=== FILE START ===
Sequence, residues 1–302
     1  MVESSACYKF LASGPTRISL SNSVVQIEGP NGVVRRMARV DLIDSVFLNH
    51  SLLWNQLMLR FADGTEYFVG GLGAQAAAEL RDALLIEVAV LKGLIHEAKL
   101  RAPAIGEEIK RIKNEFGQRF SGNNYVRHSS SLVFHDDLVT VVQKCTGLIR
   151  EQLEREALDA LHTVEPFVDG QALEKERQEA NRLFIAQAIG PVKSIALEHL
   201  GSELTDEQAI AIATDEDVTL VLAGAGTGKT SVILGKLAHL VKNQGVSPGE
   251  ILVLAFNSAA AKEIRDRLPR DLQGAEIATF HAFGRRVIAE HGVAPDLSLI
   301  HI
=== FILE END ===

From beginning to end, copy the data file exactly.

Sequence, residues 1–302
     1  MVESSACYKF LASGPTRISL SNSVVQIEGP NGVVRRMARV DLIDSVFLNH
    51  SLLWNQLMLR FADGTEYFVG GLGAQAAAEL RDALLIEVAV LKGLIHEAKL
   101  RAPAIGEEIK RIKNEFGQRF SGNNYVRHSS SLVFHDDLVT VVQKCTGLIR
   151  EQLEREALDA LHTVEPFVDG QALEKERQEA NRLFIAQAIG PVKSIALEHL
   201  GSELTDEQAI AIATDEDVTL VLAGAGTGKT SVILGKLAHL VKNQGVSPGE
   251  ILVLAFNSAA AKEIRDRLPR DLQGAEIATF HAFGRRVIAE HGVAPDLSLI
   301  HI